Friday, 2 August 2013

Review - Dead Heat (1988 - Dir. Mark Goldblatt)



A little while ago we had our Buddy Movie Season. So the synopsis for Dead Heat sounds suspiciously standard issue. The punnily named straight-laced cop Roger Mortis (Treat Williams - maybe I smell another actor dedicated season coming on...) and his partner cop buddy, the laugh-a-minute Doug Bigelow (Joe Piscopo) are on the trail of some jewel thieves. In an interesting twist on the usual crime drama, the tea leaves are zombies who can take a lot of punishment, gunshot wise. Roger has a coroner friend, Dr Rebecca Smythers (Clare Kirkconnell), who he just so happens to have a thing for. And during their investigation they meet Randi James (Lindsay Frost) - who chose these names? - an attractive business type, who just so happens to take an instant dislike to Doug. Throw into the mix Vincent Price, playing the very rich father of Randi, and I think that in true Avatar fashion you can pretty much predict what's going to happen next.


Doug being the wise-cracking gagster is going to get killed, shot in the line of duty, and brought back as a zombie cop. Roger will get together with his Quincy-like friend and Randi will eventually fall madly in love with Doug, despite his deadness. Oh, and Vincent Price will be the main baddy, responsible for these zombie kleptos.


But none of that actually happens. Interestingly this review follows in the footsteps of, erm... Footsteps in the Fog (nice link) a film jam-packed full of story content. Dead Heat also messes with what is generally expected and I was never quite sure where it was going. It is a light-hearted jovial affair, despite being an 18, but has another darker side to it that reminds me of the films The Hidden and Monolith, (another film starring Lindsay Frost). One example of this is when our hapless heroes are in a Chinese butcher's shop. The animals get reanimated and attack. It's all a bit comedy. But then something else appears that is slightly more disturbing. A great scene.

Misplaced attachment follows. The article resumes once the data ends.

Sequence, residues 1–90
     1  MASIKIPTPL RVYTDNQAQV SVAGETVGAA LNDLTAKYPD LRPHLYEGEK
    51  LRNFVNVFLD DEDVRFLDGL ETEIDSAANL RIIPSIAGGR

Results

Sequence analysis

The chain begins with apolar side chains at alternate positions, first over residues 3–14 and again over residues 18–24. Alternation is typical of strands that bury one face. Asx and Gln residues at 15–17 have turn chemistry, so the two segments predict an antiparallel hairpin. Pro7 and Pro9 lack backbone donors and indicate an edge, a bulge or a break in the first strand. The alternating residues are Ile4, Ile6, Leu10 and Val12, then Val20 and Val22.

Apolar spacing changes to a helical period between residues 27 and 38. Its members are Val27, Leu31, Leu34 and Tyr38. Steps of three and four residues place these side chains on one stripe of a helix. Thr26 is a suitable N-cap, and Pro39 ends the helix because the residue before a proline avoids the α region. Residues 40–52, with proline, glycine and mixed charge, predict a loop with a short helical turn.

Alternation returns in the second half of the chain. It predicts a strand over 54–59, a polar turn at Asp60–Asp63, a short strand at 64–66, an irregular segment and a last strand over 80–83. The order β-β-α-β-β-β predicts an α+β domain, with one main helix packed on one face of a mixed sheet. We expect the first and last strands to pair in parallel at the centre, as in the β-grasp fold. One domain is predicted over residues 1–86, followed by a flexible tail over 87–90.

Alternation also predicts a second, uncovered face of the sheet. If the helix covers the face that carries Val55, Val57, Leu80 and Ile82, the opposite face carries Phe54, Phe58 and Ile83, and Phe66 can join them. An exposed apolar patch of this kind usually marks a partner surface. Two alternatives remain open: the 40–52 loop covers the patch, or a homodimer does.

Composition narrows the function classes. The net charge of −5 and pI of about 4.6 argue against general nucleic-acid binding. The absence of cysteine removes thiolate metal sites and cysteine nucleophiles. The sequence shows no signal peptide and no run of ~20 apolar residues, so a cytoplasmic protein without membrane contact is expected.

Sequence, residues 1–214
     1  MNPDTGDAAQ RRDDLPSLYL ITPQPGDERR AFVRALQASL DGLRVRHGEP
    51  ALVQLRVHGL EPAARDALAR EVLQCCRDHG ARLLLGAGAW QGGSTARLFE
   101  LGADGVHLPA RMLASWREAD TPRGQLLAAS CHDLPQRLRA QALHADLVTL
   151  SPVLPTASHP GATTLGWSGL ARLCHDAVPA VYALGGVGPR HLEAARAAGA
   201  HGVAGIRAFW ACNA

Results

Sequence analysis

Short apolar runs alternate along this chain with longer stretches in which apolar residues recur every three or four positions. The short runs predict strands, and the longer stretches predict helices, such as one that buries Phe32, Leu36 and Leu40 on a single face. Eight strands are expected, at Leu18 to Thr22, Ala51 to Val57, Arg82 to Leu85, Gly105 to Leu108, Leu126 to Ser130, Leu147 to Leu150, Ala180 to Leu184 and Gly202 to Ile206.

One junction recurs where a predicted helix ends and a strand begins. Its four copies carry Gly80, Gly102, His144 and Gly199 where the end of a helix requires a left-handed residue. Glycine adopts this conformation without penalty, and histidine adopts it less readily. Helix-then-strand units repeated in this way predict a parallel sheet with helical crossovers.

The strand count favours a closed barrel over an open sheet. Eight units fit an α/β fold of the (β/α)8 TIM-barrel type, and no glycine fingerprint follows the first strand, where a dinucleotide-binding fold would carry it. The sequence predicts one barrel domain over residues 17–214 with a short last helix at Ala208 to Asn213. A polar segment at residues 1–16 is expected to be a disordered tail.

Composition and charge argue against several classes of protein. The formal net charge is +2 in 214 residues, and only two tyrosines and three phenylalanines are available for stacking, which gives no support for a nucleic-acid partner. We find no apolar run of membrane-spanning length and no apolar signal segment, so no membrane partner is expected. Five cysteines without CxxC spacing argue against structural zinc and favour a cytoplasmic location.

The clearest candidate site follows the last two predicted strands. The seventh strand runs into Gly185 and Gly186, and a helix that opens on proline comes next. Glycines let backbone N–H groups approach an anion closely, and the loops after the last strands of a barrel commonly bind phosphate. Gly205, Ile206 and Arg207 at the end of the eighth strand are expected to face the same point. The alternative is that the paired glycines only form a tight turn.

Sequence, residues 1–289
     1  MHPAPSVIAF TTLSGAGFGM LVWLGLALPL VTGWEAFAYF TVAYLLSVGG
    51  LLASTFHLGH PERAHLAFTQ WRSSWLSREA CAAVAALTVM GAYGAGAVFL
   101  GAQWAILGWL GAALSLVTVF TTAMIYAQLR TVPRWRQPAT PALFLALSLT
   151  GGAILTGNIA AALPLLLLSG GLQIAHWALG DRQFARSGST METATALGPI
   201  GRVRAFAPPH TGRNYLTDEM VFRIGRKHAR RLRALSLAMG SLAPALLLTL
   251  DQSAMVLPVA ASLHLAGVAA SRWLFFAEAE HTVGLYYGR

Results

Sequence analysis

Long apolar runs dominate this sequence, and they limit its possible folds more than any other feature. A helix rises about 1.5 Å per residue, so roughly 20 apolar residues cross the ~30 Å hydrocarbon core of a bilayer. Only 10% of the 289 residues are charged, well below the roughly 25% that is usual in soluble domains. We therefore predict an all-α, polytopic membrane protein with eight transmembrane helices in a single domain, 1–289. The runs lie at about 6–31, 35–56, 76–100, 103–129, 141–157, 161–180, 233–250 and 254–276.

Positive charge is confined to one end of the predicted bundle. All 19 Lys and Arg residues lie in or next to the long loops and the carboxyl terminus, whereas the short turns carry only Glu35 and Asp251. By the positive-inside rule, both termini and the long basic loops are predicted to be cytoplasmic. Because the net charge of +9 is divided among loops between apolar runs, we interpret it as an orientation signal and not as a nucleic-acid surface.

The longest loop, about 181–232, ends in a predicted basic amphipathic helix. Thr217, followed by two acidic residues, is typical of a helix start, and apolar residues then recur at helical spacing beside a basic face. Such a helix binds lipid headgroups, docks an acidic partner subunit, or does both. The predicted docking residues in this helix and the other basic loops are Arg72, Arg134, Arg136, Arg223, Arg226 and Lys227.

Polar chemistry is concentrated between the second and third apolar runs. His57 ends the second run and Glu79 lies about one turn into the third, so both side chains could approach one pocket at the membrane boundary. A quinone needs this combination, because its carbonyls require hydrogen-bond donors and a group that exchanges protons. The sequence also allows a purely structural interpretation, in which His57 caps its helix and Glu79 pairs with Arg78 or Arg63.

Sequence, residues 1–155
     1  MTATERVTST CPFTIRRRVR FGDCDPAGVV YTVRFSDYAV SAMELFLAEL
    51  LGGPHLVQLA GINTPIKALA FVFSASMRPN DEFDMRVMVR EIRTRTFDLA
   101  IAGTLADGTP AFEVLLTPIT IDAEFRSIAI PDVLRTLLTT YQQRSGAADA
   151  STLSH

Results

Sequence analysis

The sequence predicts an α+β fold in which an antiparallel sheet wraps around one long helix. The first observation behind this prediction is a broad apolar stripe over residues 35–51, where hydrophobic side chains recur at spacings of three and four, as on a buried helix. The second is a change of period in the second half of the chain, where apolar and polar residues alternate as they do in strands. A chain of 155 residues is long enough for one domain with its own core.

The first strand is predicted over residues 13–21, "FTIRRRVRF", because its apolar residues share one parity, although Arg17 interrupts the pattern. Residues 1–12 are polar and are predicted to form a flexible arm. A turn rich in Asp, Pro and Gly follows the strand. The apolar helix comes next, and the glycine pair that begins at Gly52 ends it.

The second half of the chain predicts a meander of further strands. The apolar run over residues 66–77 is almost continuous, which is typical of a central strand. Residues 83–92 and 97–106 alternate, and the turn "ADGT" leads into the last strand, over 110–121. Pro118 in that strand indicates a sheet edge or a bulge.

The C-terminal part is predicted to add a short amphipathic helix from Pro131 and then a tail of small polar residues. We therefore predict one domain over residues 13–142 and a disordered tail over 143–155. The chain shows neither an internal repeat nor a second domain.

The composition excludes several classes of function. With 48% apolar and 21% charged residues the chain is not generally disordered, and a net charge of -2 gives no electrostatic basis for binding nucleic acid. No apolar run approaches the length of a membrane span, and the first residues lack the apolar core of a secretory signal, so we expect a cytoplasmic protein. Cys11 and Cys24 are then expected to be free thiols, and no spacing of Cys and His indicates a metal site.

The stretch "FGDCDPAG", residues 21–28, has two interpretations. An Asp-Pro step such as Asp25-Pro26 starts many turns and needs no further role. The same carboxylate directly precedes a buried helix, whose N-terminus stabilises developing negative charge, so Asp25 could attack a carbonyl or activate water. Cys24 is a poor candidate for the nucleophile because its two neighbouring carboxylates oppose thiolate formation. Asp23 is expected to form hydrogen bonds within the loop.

The excellent Steve Johnson created the effects and pretty impressive they are too. At one point, one of the relatively well preserved zombies starts to visibly melt and the skin round its eye and mouth droops downwards. It's a brilliant effect and I would have to watch it again to figure out how it was done. One minor complaint about the make-up: at the end, one of the characters is in fairly extensive prosthetics and they cease to look like the character they were originally. The eyes don't look anything like the actor's eyes. If you told me a different actor played the part and they just added in the voice later, I'd believe you.


Let's get all of the moans out of the way: characters behaving stupidly always brings me out of horror films. So when I'm shouting for a character to smash a window, or even shoot it, to rescue someone and the character doesn't it seems a bit odd. Especially when it would have given the scene even greater emotional impact and shock value. A missed opportunity.


Gripes aside, this has to be one of the best zombie films that I've watched this year that I haven't seen before. It is very eighties, along with some quality mullets, but it's fun and different from the majority of films in this season. Recommended.
7/10
evlkeith



If you like this you could also try:
Monolith, The Hidden, Nightmare City


2 comments:

  1. I felt a little let down, but only because the film could NEVER have lived up to what I had hyped it to be in my head.

    Still such a great movie, and with shockingly good and fun visual effects.

    ReplyDelete
    Replies
    1. After watching Zombie 108 I needed a bit of fun.

      Delete